Wednesday, July 5, 2006

Pohle carries on her mother's tradition

Elizabeth Pohle shows her hand-painted ceramics at this weekend's Ketchum Arts Festival.

For the Express

This year's Ketchum Arts Festival includes the painted ceramic work of Ketchum local Elizabeth Pohle, who now spends half of each year in Manhattan Beach, Calif.

After many years of hard work, her signature designs have taken off through representation with the Vanguard Group and sales to Home Goods and T.J Maxx stores. "I even have a rep now, so it really is great," she said. "I can stay home painting and coming up with design ideas and they take care of the manufacturing and sales."

In addition to manufacturing for retail sales, Pohle also makes original, hand-painted ceramic dinnerware for sale at art shows around the country and through stores in Ketchum. Her designs include farm animal scenes sold at Antiques and Country Pine (next door to Tully's) and at the Summer Store at Janet Dunbar Interiors. She has also developed a trout-fishing line for Silver Creek Outfitters.

Originally from northern California, Pohle came to Ketchum in the 1970s and attended the Community School in Sun Valley when its campus was still visited by Sun Valley Center for The Arts denizens like ceramicist Jim Romberg.

"Ketchum was a very different town then," she said. "Everyone got invited to all the parties together. Now it is by invitation only and there might be security involved."

Pohle studied graphic design at Long Beach State College in Los Angeles before pursuing a degree in the Fine Arts through Parson's School of Design in Paris and Italy. After returning to Los Angeles, she found work in the textile design business before calling it quits and moving back home to Ketchum in 1994. As a hobby, she began painting ceramic cups and plates at a do-it-yourself pottery shop called Local Color and selling the pieces at her mother's store, Dunbar Interiors, in the Galleria Building.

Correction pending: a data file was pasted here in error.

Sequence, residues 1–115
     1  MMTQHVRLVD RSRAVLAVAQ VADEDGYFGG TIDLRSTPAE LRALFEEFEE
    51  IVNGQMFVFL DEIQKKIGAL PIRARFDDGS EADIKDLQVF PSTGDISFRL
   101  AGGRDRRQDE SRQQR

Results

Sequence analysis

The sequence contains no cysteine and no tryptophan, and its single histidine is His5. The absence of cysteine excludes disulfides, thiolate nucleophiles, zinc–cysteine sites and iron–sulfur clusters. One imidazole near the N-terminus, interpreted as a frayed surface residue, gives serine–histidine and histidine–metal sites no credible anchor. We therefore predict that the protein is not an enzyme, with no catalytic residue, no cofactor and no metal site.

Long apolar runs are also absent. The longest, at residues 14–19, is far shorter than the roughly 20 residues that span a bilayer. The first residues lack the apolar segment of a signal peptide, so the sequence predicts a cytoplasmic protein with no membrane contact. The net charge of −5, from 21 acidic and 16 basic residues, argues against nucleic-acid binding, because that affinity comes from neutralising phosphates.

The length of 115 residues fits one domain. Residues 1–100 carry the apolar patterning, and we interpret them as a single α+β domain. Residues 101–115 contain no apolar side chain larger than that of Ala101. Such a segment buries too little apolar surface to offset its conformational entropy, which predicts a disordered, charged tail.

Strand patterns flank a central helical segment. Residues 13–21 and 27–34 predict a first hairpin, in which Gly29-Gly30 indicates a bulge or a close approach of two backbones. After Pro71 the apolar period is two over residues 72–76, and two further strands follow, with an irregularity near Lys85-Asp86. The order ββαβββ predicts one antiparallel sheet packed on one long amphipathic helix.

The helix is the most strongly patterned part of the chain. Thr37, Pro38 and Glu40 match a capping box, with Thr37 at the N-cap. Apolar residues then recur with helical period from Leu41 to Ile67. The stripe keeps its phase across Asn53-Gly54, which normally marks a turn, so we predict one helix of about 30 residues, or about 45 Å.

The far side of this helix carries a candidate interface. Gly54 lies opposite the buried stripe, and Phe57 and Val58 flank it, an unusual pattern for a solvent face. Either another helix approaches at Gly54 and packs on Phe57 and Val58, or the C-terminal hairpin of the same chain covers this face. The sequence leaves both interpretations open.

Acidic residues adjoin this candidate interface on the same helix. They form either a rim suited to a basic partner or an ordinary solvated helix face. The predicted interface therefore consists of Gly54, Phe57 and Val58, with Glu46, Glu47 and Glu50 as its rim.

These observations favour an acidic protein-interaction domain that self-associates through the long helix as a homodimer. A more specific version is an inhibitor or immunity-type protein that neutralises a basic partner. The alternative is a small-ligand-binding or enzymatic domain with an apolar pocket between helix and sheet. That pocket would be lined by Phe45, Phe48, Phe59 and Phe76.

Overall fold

"Pretty soon people were ordering entire dinner sets," said Pohle, who bought her own kiln in order to keep up with business.

"I feel like this career chose me. I gave up a good job in textile design to move back to Ketchum," said Poole. "Now I am doing the same kind of art, only on plates."

Up until the late nineties, Pohle and a number of other local artists sold their work at the Sun Valley Arts & Crafts Festival. In 1999 Poole's mother, Janet Dunbar, with the help of jeweler Sarah Berquist and clothing designer Kelly O'Neal, founded the Ketchum Arts Festival.

"My mother is one of the most supportive members of the arts community in Ketchum. We pride ourselves on having an art-minded town. Many people travel to Sun Valley to buy original work from local artists. At the Ketchum Arts Festival, we are not handpicking artists who are from the professional art show circuit. If you go to the festival, it's just like the old days in Ketchum."

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